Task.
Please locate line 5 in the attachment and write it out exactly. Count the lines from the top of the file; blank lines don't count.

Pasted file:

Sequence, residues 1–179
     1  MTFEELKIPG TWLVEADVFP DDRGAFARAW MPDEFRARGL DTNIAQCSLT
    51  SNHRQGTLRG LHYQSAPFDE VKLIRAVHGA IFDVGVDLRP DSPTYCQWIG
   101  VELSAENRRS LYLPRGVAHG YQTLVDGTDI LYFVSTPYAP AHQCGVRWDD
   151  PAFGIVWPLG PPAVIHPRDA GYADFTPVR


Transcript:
   151  PAFGIVWPLG PPAVIHPRDA GYADFTPVR